Highland games are a type of event which is held as a celebration of Scottish and Gaelic traditions and culture. Nevertheless, they may take place outside of Scotland, and many cities in the United States have their own versions, such as Phoenix, Tucson, Fresno, Oakland, Forth Lauderdale, Pensacola, Honolulu, Boise, Reno, Tulsa, Houston, and Milwaukee. Among those cities, there is one that stands out, and that is Waxhaw, North Carolina, which is home to the Waxhaw Scottish Highland Games. The attractions that are featured in these games are pipe bands, highland dancing demonstration, southeastern regional amateur Scottish athletic competition, country dancing demonstrations, Scottish cultural and educational displays, clan tents, children's contests and games, border collie sheep-herding exhibitions, musical performances, vendors of Celtic foods and clothing.
The athletic competitions practiced in Highland games are centuries old, with the caber toss probably being the most emblematic of them all. A caber is a large wooden pole, about nineteen feet tall and weighing around 175 pounds, that is thrown into the air. The success of the throw is not measured by the distance that the pole travels, but rather by the position in which it falls into the ground. Other regular events are the stone put (similar to the Olympic shot put, but with a rock instead of a steel ball), the Scottish hammer throw (also similar to the modern Olympic hammer throw, with a few modifications), the weight throw (metal weights are thrown with one hand, usually using a spinning technique), the weight over the bar (similar to the preceding event, but aiming for height rather than distance), hill racing (originally meant to find the best messengers in the eleventh century), the sheaf toss (a bag filled with straw is thrown over a horizontal bar using a pitchfork) and the Maide Leisg (a trial of strength between two seated competitors).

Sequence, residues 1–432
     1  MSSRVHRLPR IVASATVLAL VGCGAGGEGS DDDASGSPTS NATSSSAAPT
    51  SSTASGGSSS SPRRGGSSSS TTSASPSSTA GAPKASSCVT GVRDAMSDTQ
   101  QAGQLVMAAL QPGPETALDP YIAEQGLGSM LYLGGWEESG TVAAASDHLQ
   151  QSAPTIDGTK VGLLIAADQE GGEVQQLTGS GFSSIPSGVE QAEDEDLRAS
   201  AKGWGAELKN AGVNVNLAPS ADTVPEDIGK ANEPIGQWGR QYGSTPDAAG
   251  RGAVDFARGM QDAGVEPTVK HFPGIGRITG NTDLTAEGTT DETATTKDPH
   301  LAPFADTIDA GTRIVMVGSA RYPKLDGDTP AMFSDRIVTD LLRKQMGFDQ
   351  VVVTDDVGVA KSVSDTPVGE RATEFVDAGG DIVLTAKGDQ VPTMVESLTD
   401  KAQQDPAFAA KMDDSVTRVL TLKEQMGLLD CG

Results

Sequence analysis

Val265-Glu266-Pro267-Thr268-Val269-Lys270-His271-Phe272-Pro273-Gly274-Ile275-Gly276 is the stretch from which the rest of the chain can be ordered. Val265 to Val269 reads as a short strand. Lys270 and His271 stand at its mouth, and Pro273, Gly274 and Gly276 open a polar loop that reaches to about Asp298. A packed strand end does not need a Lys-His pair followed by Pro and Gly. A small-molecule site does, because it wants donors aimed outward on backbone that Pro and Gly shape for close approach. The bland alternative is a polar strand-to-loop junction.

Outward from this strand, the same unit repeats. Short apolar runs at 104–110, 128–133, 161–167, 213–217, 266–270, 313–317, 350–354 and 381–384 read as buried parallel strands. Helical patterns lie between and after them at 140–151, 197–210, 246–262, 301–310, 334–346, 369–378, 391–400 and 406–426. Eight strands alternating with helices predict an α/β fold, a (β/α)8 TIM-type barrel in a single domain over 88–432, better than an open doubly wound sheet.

Even though these games may not have the scope of professional sport, they have been, as was already mentioned, the basis for several Olympic competitions. As a matter of fact, competitors in Highland games are required to possess a series of athletic abilities in order to not only be successful, but also to avoid injuries. Nonetheless, it's not all about competitive events, as there are also several exhibition activities, involving music and other elements. Pipe bands, for instance, are a mainstay on Highland games, where up to twenty bands may gather and march together, playing traditional tunes such as Scotland the Brave and Amazing Grace. Some of the non-competitive aspects of Highland games are reminiscing of a Renaissance fair, like swords and armors exhibitions, and the performing of mock battles. Other attractions that draw from Scottish tradition are herding dog trials and Scottish country dancing.